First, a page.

Asbestos excuses slammed
IN THE aftermath of the asbestos debacle at Warwick West State School at the start of the year, Department of Education and Training (DET) has stuck by the actions of the school authorities, despite admissions parents were not informed within the timeframes outlined in policy guidelines.
The school authorities have come under fire for not alerting parents to the mishandling of asbestos by contractor Redline Project Management, despite policy guidelines requiring them to do so within 24 hours.
Acting assistant director-general of Infrastructure Services Vince White said although the principal was made aware of a “suspected incident” during the school holidays, parents were not notified until several days into the school term.
He said the delay was due to resources being focussed on “flood-related issues”.
“As the principal believed the incident had been resolved prior to recommencement of school, flood-related issues took priority,” he said.
“Parents were notified of the asbestos-related incident via letter sent home on the third school day, January 27.”
A whistleblower at the centre of the incident has said the excuse of flood issues taking priority was “ludicrous” and said students and staff had been placed at risk as a result.
He said the school was told by two licensed removalists the students were put in danger by the actions of the contractor but said his concerns were ignored.
“They can say what they like and pass the buck but the bottom line is they ignored the advice from two competent people to close the school,” he said.
“There would have been thousands and thousands of asbestos fibres released – at least – and it only takes one to kill.”
Another source claims the father of a student was brushed off by school authorities when questioning the school on the danger of the situation.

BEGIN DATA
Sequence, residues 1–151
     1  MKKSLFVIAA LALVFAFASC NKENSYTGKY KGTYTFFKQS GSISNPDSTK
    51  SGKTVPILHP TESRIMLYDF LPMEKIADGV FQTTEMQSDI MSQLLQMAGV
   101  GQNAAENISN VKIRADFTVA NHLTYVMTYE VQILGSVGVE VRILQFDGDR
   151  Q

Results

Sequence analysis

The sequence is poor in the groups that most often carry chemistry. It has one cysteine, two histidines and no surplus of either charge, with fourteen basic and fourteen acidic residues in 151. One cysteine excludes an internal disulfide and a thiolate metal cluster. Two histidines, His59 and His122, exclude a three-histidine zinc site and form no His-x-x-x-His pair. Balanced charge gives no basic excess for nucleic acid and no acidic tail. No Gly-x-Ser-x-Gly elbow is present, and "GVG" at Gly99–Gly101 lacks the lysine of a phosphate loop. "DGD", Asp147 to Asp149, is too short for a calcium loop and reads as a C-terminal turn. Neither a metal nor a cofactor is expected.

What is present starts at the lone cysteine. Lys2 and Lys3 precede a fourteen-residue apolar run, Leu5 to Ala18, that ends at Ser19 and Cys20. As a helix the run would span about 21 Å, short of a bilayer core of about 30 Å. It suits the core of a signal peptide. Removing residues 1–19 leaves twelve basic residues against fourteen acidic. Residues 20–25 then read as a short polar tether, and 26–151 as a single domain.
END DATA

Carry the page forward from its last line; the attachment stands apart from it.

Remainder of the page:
“They told him to pull his head in and go away,” he said.
“If he hadn’t gone in and kicked up a stink, we’d never have known about it.”
DET last week released findings of a report into the incident compiled by independent expert John Gaskin.
Education Minister Cameron Dick said the report found the incident occurred as a result of failure of the contractor Redline Project Management to comply with policy, not a failure of policy.
He said there was no excuse for contractors not carrying out work to DET’s high standards.
Mr White yesterday conceded communication with the school community could have been managed “more effectively” and admitted the principal had been made aware of an incident prior to school recommencing.
“The principal of the school has been reminded of the importance of prompt communication in relation to asbestos incidents,” Mr White said.
“He was guided by advice from the project manager, Workplace Health and Safety officers and departmental staff,” he said.
Mr White said the principal notified the appropriate departmental staff and said steps had been taken to heighten awareness of the importance in managing asbestos incidents in the future.